The "thing" the security person was referring to was Bensreiti's hijab.

"I responded right away and told her that this was not just a head covering, it was for religious purposes, to which she responded that she didn't care," Bensreiti said.

Bensreiti was with her daughter who was performing the National Anthem with her school choir for the Denver Nuggets game at the Pepsi Center when she was told she had to remove the Islamic headscarf.

She said she was willing to remove her hijab in a more private setting but was denied. She then asked to speak to a supervisor.

"She then went and asked her supervisor and came back out and ushered me in without making eye contact," Bensreiti recounted.

Denver7 reached out to the Pepsi Center about this story, but we did not hear back. They sent our partners at the Denver Post a statement saying in part,

We look forward to engaging in honest discourse that leads to greater awareness and an opportunity to further celebrate the diversity that makes Denver such a special place. While the matter is still under review, we are taking steps to modify our screening process and provide additional education for our staff.

Still, Bensreiti says she forgives the woman who did this to her.

"I do forgive the woman who did this to me because it came from a place of ignorance, but I implore her to educate herself and others like her to become educated on these things."



Seven Judges Will Take Up Issues Relating To Women Entering Any House Of Worship Said Chief Justice Of India

14 November 2019

NEW DELHI (AP) - India's Supreme Court will set law on women´s entry into temples and mosques after being asked to review its decision lifting a ban on some women entering the Sabarimala temple in Kerala state.

The court deferred a decision on petitions seeking a review of its 2018 ruling to lift a ban on women of menstruating age entering the temple grounds.

Chief Justice Ranjan Gogi said Thursday seven judges will take up issues relating to women entering any house of worship.

The Sabarimala temple bars women age 10 to 50 from its grounds. It says the celibacy of the temple's presiding deity, Lord Ayyappa, is protected by India's constitution and women of all ages can worship at other Hindu temples. Some Hindu figures consider menstruating women to be impure.



Nairobi summit: Women’s empowerment a ‘game changer’ for sustainable development

12 November 2019

The global goal of a sustainable future for all cannot be achieved until women, girls and young people gain control over their own bodies and lives, UN Deputy Secretary-General Amina Mohammed told world leaders meeting in Nairobi on Tuesday.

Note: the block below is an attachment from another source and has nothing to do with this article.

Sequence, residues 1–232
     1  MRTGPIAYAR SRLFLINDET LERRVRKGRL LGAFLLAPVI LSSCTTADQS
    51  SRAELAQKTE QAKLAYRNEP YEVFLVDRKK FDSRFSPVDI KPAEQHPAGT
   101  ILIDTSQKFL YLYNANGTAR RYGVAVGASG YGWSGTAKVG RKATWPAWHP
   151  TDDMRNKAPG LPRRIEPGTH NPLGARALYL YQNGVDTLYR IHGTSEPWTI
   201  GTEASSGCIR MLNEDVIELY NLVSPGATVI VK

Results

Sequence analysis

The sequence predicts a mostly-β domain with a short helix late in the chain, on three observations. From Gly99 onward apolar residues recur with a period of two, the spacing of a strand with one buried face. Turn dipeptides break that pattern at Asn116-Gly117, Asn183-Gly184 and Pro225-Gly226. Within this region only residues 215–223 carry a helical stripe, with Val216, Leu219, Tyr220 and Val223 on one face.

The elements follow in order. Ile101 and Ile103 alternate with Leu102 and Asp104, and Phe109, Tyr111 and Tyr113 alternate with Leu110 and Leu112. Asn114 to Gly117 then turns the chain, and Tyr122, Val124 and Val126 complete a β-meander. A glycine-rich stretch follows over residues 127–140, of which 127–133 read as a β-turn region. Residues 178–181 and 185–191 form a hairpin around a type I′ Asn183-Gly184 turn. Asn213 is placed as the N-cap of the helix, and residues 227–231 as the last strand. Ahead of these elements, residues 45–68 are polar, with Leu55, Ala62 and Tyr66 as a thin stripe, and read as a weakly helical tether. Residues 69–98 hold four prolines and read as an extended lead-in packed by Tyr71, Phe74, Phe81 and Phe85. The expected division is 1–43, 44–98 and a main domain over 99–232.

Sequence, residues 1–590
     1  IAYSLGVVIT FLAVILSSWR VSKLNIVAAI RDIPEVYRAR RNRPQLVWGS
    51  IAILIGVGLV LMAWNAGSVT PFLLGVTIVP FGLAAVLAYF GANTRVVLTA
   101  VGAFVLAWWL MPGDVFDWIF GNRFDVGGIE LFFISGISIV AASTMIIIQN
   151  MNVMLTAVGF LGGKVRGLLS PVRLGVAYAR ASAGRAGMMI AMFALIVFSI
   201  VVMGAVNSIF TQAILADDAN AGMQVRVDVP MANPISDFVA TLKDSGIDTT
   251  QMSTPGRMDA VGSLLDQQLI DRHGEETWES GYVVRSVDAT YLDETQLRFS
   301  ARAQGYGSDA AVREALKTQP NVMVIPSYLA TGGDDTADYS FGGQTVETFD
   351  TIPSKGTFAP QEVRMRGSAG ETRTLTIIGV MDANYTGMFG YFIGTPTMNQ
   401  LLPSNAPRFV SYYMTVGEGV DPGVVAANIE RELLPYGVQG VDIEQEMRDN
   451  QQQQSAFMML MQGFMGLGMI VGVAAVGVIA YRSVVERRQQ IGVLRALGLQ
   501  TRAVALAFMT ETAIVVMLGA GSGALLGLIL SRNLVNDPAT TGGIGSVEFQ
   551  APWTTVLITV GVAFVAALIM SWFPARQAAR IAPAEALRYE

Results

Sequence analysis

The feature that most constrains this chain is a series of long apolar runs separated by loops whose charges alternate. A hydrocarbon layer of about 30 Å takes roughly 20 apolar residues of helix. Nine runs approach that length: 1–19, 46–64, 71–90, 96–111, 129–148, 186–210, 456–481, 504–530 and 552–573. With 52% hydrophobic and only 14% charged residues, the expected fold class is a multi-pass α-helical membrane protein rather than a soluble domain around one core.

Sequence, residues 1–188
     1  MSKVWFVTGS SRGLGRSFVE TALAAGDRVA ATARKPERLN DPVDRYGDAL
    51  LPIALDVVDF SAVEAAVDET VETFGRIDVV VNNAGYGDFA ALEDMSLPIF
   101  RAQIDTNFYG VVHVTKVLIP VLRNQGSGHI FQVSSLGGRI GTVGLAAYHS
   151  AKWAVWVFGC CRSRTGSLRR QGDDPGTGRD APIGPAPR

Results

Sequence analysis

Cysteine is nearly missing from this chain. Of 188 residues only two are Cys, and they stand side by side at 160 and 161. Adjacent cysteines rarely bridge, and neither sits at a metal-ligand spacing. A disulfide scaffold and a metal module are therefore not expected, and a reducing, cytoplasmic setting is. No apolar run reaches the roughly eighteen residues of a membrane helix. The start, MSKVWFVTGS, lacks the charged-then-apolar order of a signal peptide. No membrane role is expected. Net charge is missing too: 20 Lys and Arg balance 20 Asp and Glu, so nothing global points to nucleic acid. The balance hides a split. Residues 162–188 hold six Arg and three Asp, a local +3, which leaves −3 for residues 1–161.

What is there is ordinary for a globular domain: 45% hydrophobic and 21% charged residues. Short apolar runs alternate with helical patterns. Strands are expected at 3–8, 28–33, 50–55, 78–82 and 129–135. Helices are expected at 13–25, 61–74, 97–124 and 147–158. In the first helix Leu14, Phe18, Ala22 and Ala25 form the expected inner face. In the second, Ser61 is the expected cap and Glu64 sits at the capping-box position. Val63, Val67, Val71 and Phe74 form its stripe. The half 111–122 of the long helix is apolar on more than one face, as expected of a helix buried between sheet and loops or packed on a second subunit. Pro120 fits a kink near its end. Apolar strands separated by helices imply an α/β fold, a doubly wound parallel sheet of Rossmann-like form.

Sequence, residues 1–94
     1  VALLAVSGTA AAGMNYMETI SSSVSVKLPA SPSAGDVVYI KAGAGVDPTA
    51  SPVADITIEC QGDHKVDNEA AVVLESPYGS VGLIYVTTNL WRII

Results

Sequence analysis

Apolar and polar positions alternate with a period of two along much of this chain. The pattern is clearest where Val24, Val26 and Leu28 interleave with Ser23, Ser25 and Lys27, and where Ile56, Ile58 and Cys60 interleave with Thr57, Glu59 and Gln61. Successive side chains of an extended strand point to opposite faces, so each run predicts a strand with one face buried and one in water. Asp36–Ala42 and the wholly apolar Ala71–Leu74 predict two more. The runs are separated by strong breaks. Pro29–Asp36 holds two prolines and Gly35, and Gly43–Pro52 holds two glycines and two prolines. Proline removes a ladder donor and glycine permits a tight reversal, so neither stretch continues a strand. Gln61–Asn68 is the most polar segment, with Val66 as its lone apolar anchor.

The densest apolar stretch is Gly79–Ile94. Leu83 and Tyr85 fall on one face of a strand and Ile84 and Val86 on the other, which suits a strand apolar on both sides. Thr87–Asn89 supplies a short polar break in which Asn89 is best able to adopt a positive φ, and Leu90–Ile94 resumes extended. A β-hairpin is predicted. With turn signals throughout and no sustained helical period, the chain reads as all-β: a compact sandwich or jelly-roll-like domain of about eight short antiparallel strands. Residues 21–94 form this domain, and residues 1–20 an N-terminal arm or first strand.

The Kenyan capital is hosting a three-day summit to mark 25 years since the landmark International Conference on Population and Development (ICPD).

The conference, held in Cairo, produced a Programme of Action which recognized that reproductive health, women's empowerment and gender equality are critical to sustainable development.

Ms. Mohammed said it must be carried forward: “Achieving gender equality and women’s empowerment and upholding women’s rights is a game changer - for poverty-reduction, inclusive growth, democratic governance, peace and justice,” she said.

“The Sustainable Development Goals cannot be achieved until women, girls and young people are able to control their bodies and their lives, and live free of violence. The power to choose the number, timing and spacing of children is a human right that can bolster economic and social development.”

SDGs deadline approaching

For Ms. Mohammed, the Nairobi Summit is also an opportunity to mobilize political and financial momentum towards realizing the Sustainable Development Goals (SDGs) adopted by world leaders in 2015.

Next year will see the start of a Decade of Action ahead of the 2030 deadline.

“We must continue to work  even harder towards preventable maternal and child mortality, achieving the unmet need for family planning, and eliminating violence and harmful practices against women and girls everywhere, not least in humanitarian and fragile settings,” the UN deputy chief told the gathering.

As too many are still being left behind, Ms. Mohammed called for action.

“Hundreds of millions of women and girls are still waiting for the promise to be kept. They have been waiting long enough,” she said.

“It’s time for urgent and transformative change as we enter the decade of action to 2030.